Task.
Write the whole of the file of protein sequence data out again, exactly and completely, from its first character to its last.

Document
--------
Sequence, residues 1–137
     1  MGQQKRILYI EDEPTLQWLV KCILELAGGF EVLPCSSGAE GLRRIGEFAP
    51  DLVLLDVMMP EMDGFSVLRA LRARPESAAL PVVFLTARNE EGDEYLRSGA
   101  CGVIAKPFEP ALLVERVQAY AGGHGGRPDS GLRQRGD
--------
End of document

Sequence, residues 1–137
     1  MGQQKRILYI EDEPTLQWLV KCILELAGGF EVLPCSSGAE GLRRIGEFAP
    51  DLVLLDVMMP EMDGFSVLRA LRARPESAAL PVVFLTARNE EGDEYLRSGA
   101  CGVIAKPFEP ALLVERVQAY AGGHGGRPDS GLRQRGD